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uk.comp.home-networking (UK home networking) (uk.comp.home-networking) Discussion of all aspects of computer networking in the home, regardless of the platforms, software, topologies and protocols used. Examples of topics include recommendations for hardware or suppliers (e.g. NICs and cabling), protocols, servers, and specific network software. Advertising is not allowed.

identify network problem



 
 
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  #1  
Old June 26th 05, 04:52 PM posted to uk.comp.home-networking
Gaz
external usenet poster
 
Posts: 648
Default identify network problem

Having a network problem, the network has been fine for about six months but
has started to play up.

Network is a workgroup consisting of four XP home machines and one win98,
one of the XP machines is used as a file store, which the other PCs
regularly save to and read from (mainly for autocad).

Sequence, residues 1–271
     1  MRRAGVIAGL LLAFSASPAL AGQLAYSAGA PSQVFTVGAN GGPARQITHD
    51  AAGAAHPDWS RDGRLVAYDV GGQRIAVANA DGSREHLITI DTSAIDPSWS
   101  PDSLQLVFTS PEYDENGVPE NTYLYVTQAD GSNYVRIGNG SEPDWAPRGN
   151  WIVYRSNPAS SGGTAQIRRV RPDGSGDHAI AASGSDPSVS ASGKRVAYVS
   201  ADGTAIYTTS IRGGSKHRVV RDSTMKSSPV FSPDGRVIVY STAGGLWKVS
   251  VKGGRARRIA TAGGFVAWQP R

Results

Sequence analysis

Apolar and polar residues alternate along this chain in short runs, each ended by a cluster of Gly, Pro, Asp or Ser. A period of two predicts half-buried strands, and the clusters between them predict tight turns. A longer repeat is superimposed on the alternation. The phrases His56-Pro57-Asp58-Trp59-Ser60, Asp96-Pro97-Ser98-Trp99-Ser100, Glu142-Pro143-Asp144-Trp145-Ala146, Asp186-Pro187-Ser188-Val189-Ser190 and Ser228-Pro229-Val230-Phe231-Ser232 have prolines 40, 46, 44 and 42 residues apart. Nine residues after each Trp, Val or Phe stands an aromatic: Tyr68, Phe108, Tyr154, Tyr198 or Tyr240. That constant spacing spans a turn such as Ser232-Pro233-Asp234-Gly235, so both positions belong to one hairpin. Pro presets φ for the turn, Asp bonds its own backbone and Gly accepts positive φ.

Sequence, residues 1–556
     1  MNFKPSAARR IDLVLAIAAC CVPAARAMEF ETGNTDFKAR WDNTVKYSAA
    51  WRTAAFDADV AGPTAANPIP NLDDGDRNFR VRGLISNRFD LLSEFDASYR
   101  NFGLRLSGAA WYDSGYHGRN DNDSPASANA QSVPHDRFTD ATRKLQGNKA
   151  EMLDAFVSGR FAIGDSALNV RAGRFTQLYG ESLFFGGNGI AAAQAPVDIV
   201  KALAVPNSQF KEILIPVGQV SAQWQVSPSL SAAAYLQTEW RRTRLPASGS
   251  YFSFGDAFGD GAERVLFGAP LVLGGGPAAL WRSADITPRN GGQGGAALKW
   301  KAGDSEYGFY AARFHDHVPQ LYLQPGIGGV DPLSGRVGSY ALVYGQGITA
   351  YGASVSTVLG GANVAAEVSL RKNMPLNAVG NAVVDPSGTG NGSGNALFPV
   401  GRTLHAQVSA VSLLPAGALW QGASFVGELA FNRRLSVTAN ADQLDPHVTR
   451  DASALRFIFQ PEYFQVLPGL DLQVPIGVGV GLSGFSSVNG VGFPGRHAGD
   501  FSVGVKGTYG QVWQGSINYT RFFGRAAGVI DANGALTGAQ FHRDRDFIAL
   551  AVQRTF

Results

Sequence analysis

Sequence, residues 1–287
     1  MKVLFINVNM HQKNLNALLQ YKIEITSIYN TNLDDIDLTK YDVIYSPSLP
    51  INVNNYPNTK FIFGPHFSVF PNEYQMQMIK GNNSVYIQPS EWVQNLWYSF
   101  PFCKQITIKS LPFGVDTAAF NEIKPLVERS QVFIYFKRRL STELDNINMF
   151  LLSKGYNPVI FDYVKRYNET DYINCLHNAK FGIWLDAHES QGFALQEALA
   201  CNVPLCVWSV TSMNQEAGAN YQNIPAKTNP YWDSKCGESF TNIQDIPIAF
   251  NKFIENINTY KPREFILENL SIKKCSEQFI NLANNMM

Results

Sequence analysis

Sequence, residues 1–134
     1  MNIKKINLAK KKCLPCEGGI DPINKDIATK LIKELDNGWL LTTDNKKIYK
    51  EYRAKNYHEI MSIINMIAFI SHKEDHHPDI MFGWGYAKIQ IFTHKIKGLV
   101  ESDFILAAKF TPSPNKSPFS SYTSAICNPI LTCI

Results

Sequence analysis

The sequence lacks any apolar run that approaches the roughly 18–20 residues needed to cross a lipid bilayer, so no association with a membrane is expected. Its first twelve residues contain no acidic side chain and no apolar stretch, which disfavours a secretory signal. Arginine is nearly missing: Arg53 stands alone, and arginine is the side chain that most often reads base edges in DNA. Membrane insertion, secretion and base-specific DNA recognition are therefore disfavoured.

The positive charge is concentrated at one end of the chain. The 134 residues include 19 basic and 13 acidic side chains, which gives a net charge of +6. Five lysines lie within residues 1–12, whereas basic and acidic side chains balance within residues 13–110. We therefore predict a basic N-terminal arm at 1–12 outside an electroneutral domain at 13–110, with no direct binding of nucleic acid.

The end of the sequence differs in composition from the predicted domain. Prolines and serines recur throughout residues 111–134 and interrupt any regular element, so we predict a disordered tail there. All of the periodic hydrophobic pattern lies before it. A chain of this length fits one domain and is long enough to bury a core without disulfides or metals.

One of the PCs, a winxp machine, but not the machine now holding the shared
files, has a broadband speedtouch modem, this broadband connection is shared
for the rest of the users.

The pcs are connected with cat5 through a simple switch/router.

Recently norton 2005, which was installed on all the machines, has been
removed from all the machines, and an alternative AV installed.

The problems seem intermittant, the PCs would talk for a while, but then get
repeatedly none reponsive windows when browsing through network places.

All the PCs have a mapped network drive to one of the PCs, the computers
seem to be mostly able to access the network drive.


Adding attatchements via oe6 however result in the whole programme freezing
when trying to access the network.

Any suggestions? As i said this network has been working fine, except the
repeated infection of a virus, which norton was not able to cope with, this
has now been sorted though.

All the PCs dont seem to have any problem accessing the net when they want
to.....

Gaz


  #2  
Old June 26th 05, 09:39 PM posted to uk.comp.home-networking
Conor